NASA sees Typhoon Francisco headed to the other side of Guam

Oct 17, 2013 by Rob Gutro
NASA's Aqua satellite captured this image of Typhoon Francisco on Oct. 17 at 04:05 UTC in the Pacific Ocean as it started turning to the northwest after passing Guam. Credit: NASA Goddard MODIS Rapid Response Team

NASA's Aqua satellite passed over Typhoon Francisco on Oct. 17 after it had passed the eastern side of Guam and started to head on a track that would take it past the western side of Guam. Tropical Storm Warnings are in effect for Guam on Oct. 17 and 18 (local time).

The Moderate Resolution Imaging Spectroradiometer instrument aboard NASA's Aqua satellite captured an image of Typhoon Francisco on Oct. 17 at 04:05 UTC in the Pacific Ocean as it started turning to the northwest after passing the eastern side Guam. The MODIS image clearly showed Francisco's eye, indicating its strength and organization.

On Oct. 17 at 1500 UTC/11 a.m. EDT Francisco had maximum sustained winds near 85 knots and was moving to the north-northeast, but is expected to take a turn to the northwest. Francisco's center was located about 147 nautical miles southwest of Guam, near 12.5 north and 143.1 east.

On Oct. 17 and 18 (local time), a Tropical Storm Warning was in effect for Guam. The National Weather Service bulletin on Oct. 17 at 3 p.m. EDT noted: as Typhoon Francisco (26w) passes...sustained force winds are expected. Maximum winds are still forecast to be in the 30 to 40 mph range with gusts to 60 mph. Minor damage may occur to poorly constructed homes. Isolated power outages will be possible. Choppy seas of 12 to 14 feet will persist through tonight.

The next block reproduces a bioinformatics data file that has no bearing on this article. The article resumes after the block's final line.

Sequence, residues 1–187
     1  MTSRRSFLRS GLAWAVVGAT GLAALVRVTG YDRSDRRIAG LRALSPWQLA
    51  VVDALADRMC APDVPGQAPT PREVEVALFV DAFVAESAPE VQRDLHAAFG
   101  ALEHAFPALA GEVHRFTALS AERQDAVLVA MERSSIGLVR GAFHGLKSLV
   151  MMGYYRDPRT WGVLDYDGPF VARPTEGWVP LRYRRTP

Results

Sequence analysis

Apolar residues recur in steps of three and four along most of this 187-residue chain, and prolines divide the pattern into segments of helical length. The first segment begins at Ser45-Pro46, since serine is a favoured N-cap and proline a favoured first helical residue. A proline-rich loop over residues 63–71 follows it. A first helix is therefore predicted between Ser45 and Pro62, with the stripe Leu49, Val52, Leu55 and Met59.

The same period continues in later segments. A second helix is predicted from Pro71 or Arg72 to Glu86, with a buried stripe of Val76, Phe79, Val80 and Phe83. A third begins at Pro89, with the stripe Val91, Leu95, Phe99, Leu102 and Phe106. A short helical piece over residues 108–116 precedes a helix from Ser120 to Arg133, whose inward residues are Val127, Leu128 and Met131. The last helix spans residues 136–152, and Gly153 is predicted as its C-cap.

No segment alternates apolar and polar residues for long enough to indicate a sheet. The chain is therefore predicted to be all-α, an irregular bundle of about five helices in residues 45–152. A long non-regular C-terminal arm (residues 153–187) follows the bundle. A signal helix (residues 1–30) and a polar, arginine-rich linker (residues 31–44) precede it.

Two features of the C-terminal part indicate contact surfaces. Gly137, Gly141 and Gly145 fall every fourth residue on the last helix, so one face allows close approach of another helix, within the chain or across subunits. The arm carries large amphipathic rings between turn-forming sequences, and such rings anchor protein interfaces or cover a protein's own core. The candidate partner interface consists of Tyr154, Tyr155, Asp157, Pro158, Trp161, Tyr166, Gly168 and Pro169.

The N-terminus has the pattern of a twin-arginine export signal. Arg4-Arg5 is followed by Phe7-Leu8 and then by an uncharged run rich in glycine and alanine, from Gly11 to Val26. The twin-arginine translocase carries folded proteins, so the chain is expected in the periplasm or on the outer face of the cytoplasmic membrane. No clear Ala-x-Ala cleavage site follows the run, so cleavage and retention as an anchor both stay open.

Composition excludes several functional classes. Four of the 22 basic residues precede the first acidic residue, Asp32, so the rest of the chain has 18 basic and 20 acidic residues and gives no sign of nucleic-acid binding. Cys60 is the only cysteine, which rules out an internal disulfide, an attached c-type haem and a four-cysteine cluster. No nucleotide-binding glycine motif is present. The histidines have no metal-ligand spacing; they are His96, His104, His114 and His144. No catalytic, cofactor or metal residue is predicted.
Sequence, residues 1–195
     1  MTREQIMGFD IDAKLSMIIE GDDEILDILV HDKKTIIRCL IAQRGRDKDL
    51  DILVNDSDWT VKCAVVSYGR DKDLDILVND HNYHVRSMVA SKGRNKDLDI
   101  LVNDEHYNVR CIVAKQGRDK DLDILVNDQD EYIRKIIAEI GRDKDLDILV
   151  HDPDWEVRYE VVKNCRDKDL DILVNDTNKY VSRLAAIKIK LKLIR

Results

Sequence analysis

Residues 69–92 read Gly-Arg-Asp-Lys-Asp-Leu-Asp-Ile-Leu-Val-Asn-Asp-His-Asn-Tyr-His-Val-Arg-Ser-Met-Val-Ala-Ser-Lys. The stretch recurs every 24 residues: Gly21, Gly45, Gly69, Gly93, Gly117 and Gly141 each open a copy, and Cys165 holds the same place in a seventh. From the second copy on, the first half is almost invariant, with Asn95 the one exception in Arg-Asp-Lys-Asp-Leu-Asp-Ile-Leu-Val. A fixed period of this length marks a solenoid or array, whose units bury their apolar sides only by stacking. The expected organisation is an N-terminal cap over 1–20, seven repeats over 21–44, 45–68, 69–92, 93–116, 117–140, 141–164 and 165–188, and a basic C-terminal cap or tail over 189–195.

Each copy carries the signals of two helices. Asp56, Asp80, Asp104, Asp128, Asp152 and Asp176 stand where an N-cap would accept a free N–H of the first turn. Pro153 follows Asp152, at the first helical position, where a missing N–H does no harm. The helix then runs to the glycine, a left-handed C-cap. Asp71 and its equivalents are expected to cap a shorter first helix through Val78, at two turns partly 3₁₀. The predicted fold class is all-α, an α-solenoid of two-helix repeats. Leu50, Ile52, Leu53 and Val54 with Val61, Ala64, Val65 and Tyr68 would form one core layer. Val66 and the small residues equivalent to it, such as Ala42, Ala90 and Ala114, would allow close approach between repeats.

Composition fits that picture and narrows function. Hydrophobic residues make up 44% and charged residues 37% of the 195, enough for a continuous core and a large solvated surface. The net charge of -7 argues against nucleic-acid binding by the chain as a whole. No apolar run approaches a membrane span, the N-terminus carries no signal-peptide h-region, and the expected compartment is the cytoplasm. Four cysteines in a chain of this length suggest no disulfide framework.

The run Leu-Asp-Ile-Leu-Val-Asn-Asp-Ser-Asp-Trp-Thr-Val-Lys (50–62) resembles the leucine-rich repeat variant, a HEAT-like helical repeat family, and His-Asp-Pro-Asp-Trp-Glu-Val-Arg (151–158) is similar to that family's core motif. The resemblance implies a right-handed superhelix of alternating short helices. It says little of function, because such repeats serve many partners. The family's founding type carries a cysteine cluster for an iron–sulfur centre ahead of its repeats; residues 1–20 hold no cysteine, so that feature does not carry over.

Explore further: Invisible helpers of the sea: Marine bacteria boost growth of tiny ocean algae

Related Stories

Tropical Storm Octave makes landfall in western Mexico

Oct 17, 2013

Tropical Depression 15-E formed on Oct. 12 at 11 p.m. EDT and strengthened into Tropical Storm Octave. Four days later NASA's Terra satellite saw the weakened storm headed for landfall in western Mexico.

Recommended for you

Satellites catch the birth of two volcanic islands

7 hours ago

The birth of a volcanic island is a potent and beautiful reminder of our dynamic planet's ability to make new land. Given the destruction we've seen following natural events like earthquakes and tsunamis in t ...

Uncovering diversity in an invisible ocean world

8 hours ago

Plankton are vital to life on Earth—they absorb carbon dioxide, generate nearly half of the oxygen we breathe, break down waste, and are a cornerstone of the marine food chain. Now, new research indicates ...

Evolution of the Antarctic ice sheet

10 hours ago

ULB study sheds a new light on the stability of the Antarctic ice sheet. It shows for the first time that ice rises (pinning points that keep the floating parts of ice sheets in place) are formed during the transition between ...

User comments : 0

Please sign in to add a comment. Registration is free, and takes less than a minute. Read more

Click here to reset your password.
Sign in to get notified via email when new comments are made.